University of Kentucky College of Agriculture

  Sayed Saghaian (Mehdi)

Associate Professor of Agribusiness Management
University of Kentucky
Department of Agricultural Economics
314 Charles E. Barnhart Building
Lexington, KY 40546-0276

Phone: (859) 257-2356
Fax: (859) 257-7290



Sample Publications

"Oligopolistic Market Structure in the Japanese Pistachio Import Market". Mahdi Asgari and Sayed Saghaian: Journal of Agricultural & Food Industrial Organization. Volume 11, Issue 1, September 2013.  Pages 87-99.


"Beef and Milk Price Links in Turkey." Sayed Saghaian, Gokhan Ozertan and Hasan Tekguc.  Economics Bulletin, Vol. 33 No. 4 (2013), pp. 2607-2616.


"Investigation of factors affecting consumers' bread wastage." Shahnoushi, N, Saghaian, S., Reed, M., Firoozzare, A. and Jalerajabi, M. Journal of Agricultural Economics and Development Vol. 2(6) (June 2013), pp. 246-254.


"The Dynamics of Price Transmission in the Presence of a Major Quality Differential: The Case of Colombian Milds and Vietnamese Robusta Coffee Beans." Li, X. and S. Saghaian. Journal of Agribusiness 31, 1 (Fall 2013), p 181-192.


"Factors Affecting the Export Demand for U.S. Pistachios." Zijuan Zheng, Sayed Saghaian, and Michael R.Reed. International Food and Agribusiness Management Review: Volume 15, Issue 3, (2012) pp. 139-154.


"Winery Integration Strategies in the MidSouth and MidAtlantic States."  T. Woods, J. Schieffer, and S. Saghaian. (2011). Journal of Agribusiness, 29, 1(Spring):83-95.


"The Impact of the Oil Sector on Commodity Prices: Correlation or Causation?" Saghaian, S. Journal of Agricultural and Applied Economics. 42, 3 (August 2010): 477-485.

The interconnections of agriculture and energy markets have increased through the rise in the new biofuel agribusinesses and the oil-ethanol-corn linkages. The question is whether these linkages have a causal structure by which oil prices affect commodity prices and through these links, instability is transferred from energy markets to already volatile agricultural markets. In this article, we present empirical results using contemporary time-series analysis and Granger causality supplemented by a directed graph theory modeling approach to identify the links and plausible contemporaneous causal structures among energy and commodity variables. The results show that although there is a strong correlation among oil and commodity prices, the evidence for a causal link from oil to commodity prices is mixed.


"The Impact of Multiple Volatilities on Import Demand for U.S. Commodities: The Case of Soybeans." Q. Zhang, M. Reed, and S. Saghaian. (2010) Agribusiness: An International Journal, 26(2):202-219.

The focus of this study is the effects of exchange rate, commodity price, and ocean freight cost risks on import demand with forward-futures markets. The case of U.S. and Brazilian soybeans is analyzed empirically using monthly data. A two-way error component two-stage least squares procedure for panel data is used for the analysis. Risk for these three effects is measured by the moving average of the standard deviation. Major soybean importers are sensitive to exchange rate risk. Importing countries in general are not sensitive to soybean price and ocean shipping cost risks for Brazilian or U.S. soybeans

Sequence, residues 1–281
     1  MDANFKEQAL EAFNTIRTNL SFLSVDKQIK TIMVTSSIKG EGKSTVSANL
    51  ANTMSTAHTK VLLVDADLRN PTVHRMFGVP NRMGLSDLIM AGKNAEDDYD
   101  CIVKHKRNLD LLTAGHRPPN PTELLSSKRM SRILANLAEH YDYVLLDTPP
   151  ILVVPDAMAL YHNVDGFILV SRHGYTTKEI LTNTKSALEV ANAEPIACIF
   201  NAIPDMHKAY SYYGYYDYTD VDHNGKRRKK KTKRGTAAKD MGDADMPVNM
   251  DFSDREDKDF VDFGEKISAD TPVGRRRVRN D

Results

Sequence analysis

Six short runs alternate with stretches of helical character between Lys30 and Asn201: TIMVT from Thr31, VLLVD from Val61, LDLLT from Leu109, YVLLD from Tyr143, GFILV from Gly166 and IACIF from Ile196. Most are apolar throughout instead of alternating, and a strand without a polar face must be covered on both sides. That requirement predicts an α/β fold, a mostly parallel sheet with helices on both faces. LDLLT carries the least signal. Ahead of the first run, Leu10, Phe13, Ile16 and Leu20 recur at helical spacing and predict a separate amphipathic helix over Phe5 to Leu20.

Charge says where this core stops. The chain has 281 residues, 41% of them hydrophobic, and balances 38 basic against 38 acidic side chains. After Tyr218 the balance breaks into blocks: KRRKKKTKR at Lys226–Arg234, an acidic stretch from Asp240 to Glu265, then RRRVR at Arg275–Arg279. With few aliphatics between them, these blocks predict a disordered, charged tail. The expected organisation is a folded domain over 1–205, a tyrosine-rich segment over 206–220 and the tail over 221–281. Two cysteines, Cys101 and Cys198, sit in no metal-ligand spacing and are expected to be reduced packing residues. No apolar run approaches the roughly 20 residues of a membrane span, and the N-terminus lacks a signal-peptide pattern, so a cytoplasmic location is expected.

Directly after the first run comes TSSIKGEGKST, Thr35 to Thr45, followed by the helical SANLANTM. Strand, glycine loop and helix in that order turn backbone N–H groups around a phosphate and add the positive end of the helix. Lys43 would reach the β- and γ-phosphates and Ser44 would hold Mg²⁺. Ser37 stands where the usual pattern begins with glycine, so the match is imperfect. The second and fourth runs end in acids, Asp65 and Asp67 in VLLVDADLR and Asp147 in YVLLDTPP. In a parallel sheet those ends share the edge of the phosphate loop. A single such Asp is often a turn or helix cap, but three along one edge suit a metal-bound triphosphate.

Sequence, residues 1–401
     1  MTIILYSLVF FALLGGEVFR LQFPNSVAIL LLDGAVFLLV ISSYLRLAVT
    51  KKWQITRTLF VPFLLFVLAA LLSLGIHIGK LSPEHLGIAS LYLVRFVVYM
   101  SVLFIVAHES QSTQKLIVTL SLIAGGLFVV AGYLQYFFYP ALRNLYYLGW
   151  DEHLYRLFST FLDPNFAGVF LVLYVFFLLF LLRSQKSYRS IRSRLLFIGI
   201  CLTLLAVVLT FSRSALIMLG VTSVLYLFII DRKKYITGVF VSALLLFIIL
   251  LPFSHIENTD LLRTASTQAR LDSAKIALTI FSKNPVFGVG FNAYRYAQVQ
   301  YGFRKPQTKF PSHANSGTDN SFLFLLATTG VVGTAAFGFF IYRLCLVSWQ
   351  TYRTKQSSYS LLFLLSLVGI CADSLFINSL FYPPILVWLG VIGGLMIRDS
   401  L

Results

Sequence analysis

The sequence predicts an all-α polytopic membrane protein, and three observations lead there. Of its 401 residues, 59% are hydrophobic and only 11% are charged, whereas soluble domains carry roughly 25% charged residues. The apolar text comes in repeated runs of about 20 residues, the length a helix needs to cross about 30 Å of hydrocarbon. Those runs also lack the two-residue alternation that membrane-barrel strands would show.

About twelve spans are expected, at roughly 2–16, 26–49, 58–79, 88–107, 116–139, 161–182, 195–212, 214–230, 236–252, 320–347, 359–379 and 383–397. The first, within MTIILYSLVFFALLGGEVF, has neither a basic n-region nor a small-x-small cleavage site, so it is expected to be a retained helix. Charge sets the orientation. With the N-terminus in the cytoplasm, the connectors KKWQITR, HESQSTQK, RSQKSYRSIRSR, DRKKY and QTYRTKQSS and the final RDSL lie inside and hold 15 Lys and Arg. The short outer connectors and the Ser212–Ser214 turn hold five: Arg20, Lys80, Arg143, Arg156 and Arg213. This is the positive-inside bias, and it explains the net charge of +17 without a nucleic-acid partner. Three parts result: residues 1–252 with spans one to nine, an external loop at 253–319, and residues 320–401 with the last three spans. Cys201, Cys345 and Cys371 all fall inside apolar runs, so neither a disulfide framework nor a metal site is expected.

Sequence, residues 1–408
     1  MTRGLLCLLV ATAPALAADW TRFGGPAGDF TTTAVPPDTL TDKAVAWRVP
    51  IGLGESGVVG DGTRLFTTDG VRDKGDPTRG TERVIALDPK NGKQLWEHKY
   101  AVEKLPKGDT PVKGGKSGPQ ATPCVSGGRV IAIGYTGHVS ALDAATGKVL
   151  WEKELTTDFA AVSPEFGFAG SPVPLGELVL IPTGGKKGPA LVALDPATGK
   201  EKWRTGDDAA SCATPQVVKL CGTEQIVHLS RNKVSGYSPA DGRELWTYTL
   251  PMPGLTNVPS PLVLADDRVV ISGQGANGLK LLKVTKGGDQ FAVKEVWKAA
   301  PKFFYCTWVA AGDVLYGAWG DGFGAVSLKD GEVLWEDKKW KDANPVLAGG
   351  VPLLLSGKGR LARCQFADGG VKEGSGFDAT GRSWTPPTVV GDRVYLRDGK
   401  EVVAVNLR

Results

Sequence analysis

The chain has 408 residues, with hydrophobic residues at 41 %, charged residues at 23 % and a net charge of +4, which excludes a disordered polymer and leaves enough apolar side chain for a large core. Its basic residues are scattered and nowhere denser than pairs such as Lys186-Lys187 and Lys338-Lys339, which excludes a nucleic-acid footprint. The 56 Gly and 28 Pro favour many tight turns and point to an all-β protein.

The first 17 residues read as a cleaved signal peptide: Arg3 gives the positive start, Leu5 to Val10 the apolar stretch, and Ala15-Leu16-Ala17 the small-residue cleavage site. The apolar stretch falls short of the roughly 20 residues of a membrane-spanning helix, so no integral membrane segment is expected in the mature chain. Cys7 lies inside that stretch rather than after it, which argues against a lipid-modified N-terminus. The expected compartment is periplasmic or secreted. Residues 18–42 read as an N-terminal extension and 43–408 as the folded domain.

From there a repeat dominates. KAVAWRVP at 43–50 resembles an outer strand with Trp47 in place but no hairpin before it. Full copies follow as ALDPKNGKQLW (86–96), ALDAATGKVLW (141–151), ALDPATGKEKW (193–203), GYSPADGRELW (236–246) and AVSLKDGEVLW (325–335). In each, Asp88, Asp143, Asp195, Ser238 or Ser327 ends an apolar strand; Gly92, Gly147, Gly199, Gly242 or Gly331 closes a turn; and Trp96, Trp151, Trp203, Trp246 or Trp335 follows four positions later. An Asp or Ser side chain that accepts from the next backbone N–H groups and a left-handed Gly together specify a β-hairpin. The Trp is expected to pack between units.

"The Importance of Nutrition Labels and Serving-Size Information in the Context of Overweight and Obesity." Bayar, E., S. Saghaian, W.Hu, and A. Katchova. (2009). Journal of Food Distribution Research, 40 (1): 15-21.

This study provides a framework for describing the profiles of consumers who are more likely to use nutrition labels and to pay attention to serving-size information. Inan online survey, food consumers were asked about the importance of nutrition labels and how often they read the serving-size information. Results from ordered logit models indicate that overweight people think that nutrition labels are important but they are less likely to pay attention to serving-size information, which may explain the overweight problem. Based on various demographic characteristics, the findings also show that food consumers do not always link the importance of nutrition labels and the frequency of reading serving-size information.


"Dynamics of Price Transmission in the Presence of a Major Food Safety Shock: Impact of H5N1 Avian Influenza on the Turkish Poultry Sector." Saghaian, S., G. Ozertan, and A. Spaulding. Journal of Agricultural and Applied Economics Vol. 40 No. 3 (2008), pp.1015 - 1031.


"The Importance of Context in Determining Consumer Response to Food Safety Events: the Case of Mad Cow disease Discovery in Canada, Japan and the United States." Saghaiain, S., L. Maynard, and M. Reed; Outsourcing, Team Work and Business Management. Editors: J.E. Moran and B. M. Anderson, Nova Science Publishers, Inc.; New York; (2008) pp. 1-31.


Consumer Responses to the H5N1 Avian Influenza: The Case of Turkey. Akben, E., G. Özertan, A. Spaulding, and S. Saghaian. Economics Bulletin, 4, 15, (2008): 1-9.


Buyer and Seller Responses to an Adverse Food Safety Event: The Case of Frozen Salmon in Alberta. Leigh Maynard, Sayed Saghaian, and Megan Nickoloff. International Food and Agribusiness Management Review; 11, 1, (2008): 77-96.

Fish is a low-fat protein source high in omega-3 fatty acids, but in 2004 consumers also heard that farmed salmon had high levels of polychlorinated biphenyl (PCBs). This research evaluated how Canadian consumers and processors reacted to the confilicting health messages. Demand estimates and time-series analysis of 2001-2006 frozen meat scanner data in Alberta, Canada show a significant drop in salmon expenditure share following the PCB finding. The industry responded by launching low-priced wild salmon products, which contributed to significant demand expansion. The analysis illustrates how a food safety threat was averted and even served as a catalyst for growth.


Consumer Reaction to Beef Safety Scares. Sayed Saghaian and Michael Reed. International Food and Agribusiness Management Review, 10, 1, (2007): 18-35.